Balancing Act: Some things are easier said than done

Balance. Rediscovering it always Makes It Better. Many known, and some mysterious, routes to restoring balance exist. At least one should work for me … maybe … I hope. Which should I try first?


Since it’s 5 a.m. and freezing, I vow to start with meditation—horizontal meditation, under my warm, soft covers. And prayer is a type of meditation. Or is meditation is a type of prayer? Whatever. So I’ll meditate and pray.

And wait, making “to do” lists can unclutter a mind.

So, I’ll meditate, pray, make mental lists and … Feel. More. Agitated! That certainly didn’t help my clamoring brain. So I turn to starting my day with gratitude instead. I forget about the lists, let go of worry and focus on those things for which I’m grateful.

Om … well, I’m grateful that I am not a porcupine; nobody would hug me. And I’m grateful that I don’t face triple-digit weight loss: losing double-digit poundage is depressing enough. And I am particularly grateful that, despite my threats, I never really grounded my children for the rest of their lives. (I already suffer enough guilt from all the other psychological damage that they keep telling me I’ve caused). Oh, the children. Oh, the guilt. Oh, this is not working. (So much for gratitude.)

Worse yet, now I’ve wasted an entire hour in bed. An hour that I should have, would have, could have been doing something useful with!

After getting out of bed and sending my children off to school with only minimal emotional crises, I call my savviest, funniest, newest-age friend for her balance-inducing recommendations. Humor is always good for the spirit, I chant as I speed dial. Perhaps the secret to true happiness is just a phone call away!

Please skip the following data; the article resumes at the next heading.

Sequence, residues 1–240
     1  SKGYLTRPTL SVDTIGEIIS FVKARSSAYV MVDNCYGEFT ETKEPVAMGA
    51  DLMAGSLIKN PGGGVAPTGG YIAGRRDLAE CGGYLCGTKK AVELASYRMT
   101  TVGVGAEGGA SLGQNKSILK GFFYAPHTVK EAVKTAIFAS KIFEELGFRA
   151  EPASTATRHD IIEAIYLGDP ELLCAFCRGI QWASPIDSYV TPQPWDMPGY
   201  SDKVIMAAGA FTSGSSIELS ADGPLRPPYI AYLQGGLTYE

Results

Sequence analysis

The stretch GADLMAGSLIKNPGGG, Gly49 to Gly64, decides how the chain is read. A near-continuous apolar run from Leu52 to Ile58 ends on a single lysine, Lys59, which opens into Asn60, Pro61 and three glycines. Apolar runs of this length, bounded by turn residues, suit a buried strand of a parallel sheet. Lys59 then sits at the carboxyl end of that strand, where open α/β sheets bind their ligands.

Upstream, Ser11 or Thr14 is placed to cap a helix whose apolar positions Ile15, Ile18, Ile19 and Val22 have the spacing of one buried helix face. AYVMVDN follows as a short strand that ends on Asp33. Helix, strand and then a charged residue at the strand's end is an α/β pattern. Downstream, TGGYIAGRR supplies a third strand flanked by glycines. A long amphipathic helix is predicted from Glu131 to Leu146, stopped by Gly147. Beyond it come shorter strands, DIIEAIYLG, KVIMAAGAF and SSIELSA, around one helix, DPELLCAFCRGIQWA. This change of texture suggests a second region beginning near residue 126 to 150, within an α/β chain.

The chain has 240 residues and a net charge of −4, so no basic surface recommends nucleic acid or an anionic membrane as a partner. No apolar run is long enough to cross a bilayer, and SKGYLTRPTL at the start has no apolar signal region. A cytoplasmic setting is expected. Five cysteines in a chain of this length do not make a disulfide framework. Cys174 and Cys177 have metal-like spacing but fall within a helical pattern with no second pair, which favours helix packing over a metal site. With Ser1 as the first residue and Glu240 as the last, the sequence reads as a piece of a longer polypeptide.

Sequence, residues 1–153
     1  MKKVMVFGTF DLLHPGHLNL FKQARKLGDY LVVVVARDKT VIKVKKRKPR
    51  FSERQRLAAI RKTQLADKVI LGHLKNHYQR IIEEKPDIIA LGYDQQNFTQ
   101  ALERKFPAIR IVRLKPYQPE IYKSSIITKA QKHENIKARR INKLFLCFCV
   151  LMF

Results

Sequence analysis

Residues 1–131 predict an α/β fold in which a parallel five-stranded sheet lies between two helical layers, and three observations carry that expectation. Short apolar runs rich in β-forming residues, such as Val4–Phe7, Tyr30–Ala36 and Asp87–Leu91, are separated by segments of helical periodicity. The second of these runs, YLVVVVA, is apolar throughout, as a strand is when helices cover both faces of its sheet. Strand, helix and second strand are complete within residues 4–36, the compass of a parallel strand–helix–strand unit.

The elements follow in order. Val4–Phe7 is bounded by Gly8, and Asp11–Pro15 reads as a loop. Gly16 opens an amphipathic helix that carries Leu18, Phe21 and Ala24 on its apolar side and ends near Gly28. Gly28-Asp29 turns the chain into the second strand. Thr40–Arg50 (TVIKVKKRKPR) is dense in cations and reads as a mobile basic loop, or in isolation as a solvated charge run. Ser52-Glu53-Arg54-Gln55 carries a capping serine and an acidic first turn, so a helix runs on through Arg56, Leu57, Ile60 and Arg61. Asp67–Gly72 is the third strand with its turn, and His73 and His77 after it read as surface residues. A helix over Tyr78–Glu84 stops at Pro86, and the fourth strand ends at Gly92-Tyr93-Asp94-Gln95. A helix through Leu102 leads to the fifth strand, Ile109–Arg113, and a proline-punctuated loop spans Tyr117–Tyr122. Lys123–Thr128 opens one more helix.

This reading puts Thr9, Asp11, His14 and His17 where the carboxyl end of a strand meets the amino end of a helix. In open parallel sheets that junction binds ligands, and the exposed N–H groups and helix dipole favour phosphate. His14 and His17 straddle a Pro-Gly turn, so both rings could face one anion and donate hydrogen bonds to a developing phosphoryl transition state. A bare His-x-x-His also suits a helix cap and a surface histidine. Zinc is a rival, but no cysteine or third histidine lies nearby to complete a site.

My savvy sage is there, and she has this to say about meditation: “You have to work hard to get rid of monkey mind—that mental fretting and wandering. Of course, I wish they called it something else, because monkeys are always spanking themselves. And that image just makes it harder to settle my mind.”

The monkey ruins it for me, too, so I ask about other “spiritual” practices that soothe the soul.

“Last month, I got my auras cleansed,” she says with a giggle. “Actually I got my auras and my chakras cleansed. And it worked. I remain sane.”

Nonetheless, I find myself wondering: Did they use Pine-Sol? And I realize that I’m no chakra-cleansing candidate.

Next she explains Gong Therapy. (That’s gong—not bong.) As in you lie on the floor while someone pounds a gong next to you.

“After a while it was pretty annoying,” she admits. “But I did feel better afterward. Of course, I always feel better when I’m laying down in a beautiful room, surrounded by lit candles, and loud noises stop.”

Her greatest success may be a mystic ritual called reikei (pronounced rakey). In fact, she announces: “I am a reikei healer!” I am so surprised to learn this unknown fact about my friend that I forget to ask what reikei is. Then again, I may not really want to know.

“After only two sessions,” she continues, “I was not only healed, I graduated with a certificate proclaiming me a Level One Reikei Healer. All for only $75. It was a bargain.”

Convincing as it sounds, I reject her offer to reikei heal me (friendship has its limits) and, in fact, forego all the new-age experiences she has described in favor of a more widely accepted eastern practice—yoga.

Soon thereafter, I try not to look in the mirror as I squeeze into an unflattering leotard and head to my favorite studio, Niyama, in downtown Wilmette. During 90 minutes of sun salutations and down dogs, the most fretting I do is wonder why they call down dog a “resting position” when it’s nothing but painful and, frankly, ugly. But lo and behold! I leave feeling balanced, centered and more fit.

I contemplate a victory celebration, and race home to make chocolate-chip cookies for my kids. Unfortunately, I “mindfully” eat two dozen and end up sick to my stomach and mindfully disgusted with myself.

Would have, could have, should have not. That’s when I finally remember the simplest response to distress and decide it might be the best Make It Better cure to my post-holiday blues, too. Just lie down and let it pass.

So I end my day back where it started and hope that my mother’s favorite remedy for life’s ills, “tincture of time,” will help.

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